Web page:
We do not tolerate violence against our dedicated and hard-working prison officers. We are strengthening frontline officer numbers and rolling out a key worker scheme to improve prisoner-staff relationships and to tackle the causes of violence. We are giving officers the tools they need, such as body-worn cameras and PAVA spray, to respond where incidents do occur.
The Secretary of State will know that, in the past year, there has been a 20% increase in violent crime against prison officers. Does he agree there is a disparity between prosecutions when members of the public are assaulted and prosecutions when people in the public service are assaulted? Also, is it not correct that an assault against a prison officer is just as bad as an assault against a policeman?
My hon. Friend makes an important point. We have to take assaults against prison officers very seriously. They are putting their lives on the frontline, and we are working closely with the police and the Crown Prosecution Service to make sure that crimes committed in prison are dealt with effectively. There are good examples of work with the police and the CPS, such as at HMP Isis. The Assaults on Emergency Workers (Offences) Act 2018 came into force in November, and it increases the maximum custodial sentence from six months to 12 months for those who assault emergency workers, including prison officers.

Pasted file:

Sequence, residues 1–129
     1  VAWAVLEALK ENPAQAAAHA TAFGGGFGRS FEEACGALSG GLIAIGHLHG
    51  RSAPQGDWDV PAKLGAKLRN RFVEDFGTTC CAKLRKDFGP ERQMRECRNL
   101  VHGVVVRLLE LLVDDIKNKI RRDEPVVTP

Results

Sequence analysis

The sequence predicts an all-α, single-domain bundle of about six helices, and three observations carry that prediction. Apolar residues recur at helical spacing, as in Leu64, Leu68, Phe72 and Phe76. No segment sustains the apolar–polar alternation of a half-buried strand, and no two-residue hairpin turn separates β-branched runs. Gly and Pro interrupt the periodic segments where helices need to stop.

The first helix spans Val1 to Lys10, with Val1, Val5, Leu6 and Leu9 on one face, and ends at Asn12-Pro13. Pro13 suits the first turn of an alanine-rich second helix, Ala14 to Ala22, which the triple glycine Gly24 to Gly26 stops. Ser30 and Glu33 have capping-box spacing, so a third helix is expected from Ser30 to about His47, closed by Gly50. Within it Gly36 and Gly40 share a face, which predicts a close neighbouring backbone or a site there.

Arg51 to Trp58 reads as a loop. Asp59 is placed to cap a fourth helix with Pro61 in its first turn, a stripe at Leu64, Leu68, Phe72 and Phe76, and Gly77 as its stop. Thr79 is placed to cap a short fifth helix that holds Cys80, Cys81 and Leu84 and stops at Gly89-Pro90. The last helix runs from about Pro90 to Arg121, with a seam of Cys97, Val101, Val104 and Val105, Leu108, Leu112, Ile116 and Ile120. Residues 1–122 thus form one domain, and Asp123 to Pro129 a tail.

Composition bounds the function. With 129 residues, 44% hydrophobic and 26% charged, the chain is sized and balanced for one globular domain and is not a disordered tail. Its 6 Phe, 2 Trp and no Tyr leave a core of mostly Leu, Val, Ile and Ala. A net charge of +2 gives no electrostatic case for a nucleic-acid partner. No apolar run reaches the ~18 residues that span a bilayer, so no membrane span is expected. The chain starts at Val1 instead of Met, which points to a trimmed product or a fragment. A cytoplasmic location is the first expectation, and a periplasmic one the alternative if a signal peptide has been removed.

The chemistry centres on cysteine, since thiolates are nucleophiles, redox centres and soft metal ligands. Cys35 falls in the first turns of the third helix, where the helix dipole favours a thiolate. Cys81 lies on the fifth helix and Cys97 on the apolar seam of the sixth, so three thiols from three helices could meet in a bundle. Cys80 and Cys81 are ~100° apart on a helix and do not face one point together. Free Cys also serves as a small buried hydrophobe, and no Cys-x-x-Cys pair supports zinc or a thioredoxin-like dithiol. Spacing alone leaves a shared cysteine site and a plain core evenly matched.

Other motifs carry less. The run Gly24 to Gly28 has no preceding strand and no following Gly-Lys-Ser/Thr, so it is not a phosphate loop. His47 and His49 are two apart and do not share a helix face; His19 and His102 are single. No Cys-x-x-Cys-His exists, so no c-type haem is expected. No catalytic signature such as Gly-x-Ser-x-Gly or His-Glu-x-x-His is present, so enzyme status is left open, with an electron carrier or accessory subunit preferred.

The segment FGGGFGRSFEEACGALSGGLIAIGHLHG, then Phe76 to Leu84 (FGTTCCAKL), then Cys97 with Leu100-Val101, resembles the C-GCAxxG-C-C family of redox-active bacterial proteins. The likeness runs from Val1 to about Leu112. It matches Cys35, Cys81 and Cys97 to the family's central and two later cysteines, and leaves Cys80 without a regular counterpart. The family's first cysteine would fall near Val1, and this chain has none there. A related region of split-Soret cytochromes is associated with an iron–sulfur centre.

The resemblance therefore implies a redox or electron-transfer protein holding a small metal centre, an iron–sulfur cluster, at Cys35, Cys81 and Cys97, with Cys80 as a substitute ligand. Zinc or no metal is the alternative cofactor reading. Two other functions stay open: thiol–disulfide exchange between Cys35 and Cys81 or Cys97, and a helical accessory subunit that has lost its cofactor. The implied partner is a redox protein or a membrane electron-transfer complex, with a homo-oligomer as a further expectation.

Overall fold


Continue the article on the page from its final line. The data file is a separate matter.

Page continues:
Recent incidents at Long Lartin Prison in my constituency show that more work is still needed on prison officer safety. Can the Secretary of State assure my constituents who work at Long Lartin that the Government do not consider it job done on prison safety and that they will continue to explore further ways to improve prison safety?
Indeed, we will continue to find ways of making improvements. I visited Long Lartin in the summer and met a number of my hon. Friend’s constituents who work as prison officers to discuss this issue. The high assault figures are something that we have to address, which is why we have taken the measures I have already outlined. We will continue to focus on bringing down those numbers.
Does the Secretary of State agree that the high number of prisoners with mental health conditions is also a serious problem for prison officers? Will he look into the two separate incidents at Nottingham Prison where, even though my constituents had been independently assessed by psychiatrists as needing to be transferred to secure mental health beds, it took five months for them to be transferred?
I am grateful to the hon. Lady for raising those cases and I will certainly look at the incidents she mentions. She is right to highlight the importance of addressing mental health issues within prisons. A very large proportion of prisoners have mental health issues and, in answer to an earlier question, I addressed the need to work closely with the NHS and the Department of Health and Social Care to ensure that we address such points.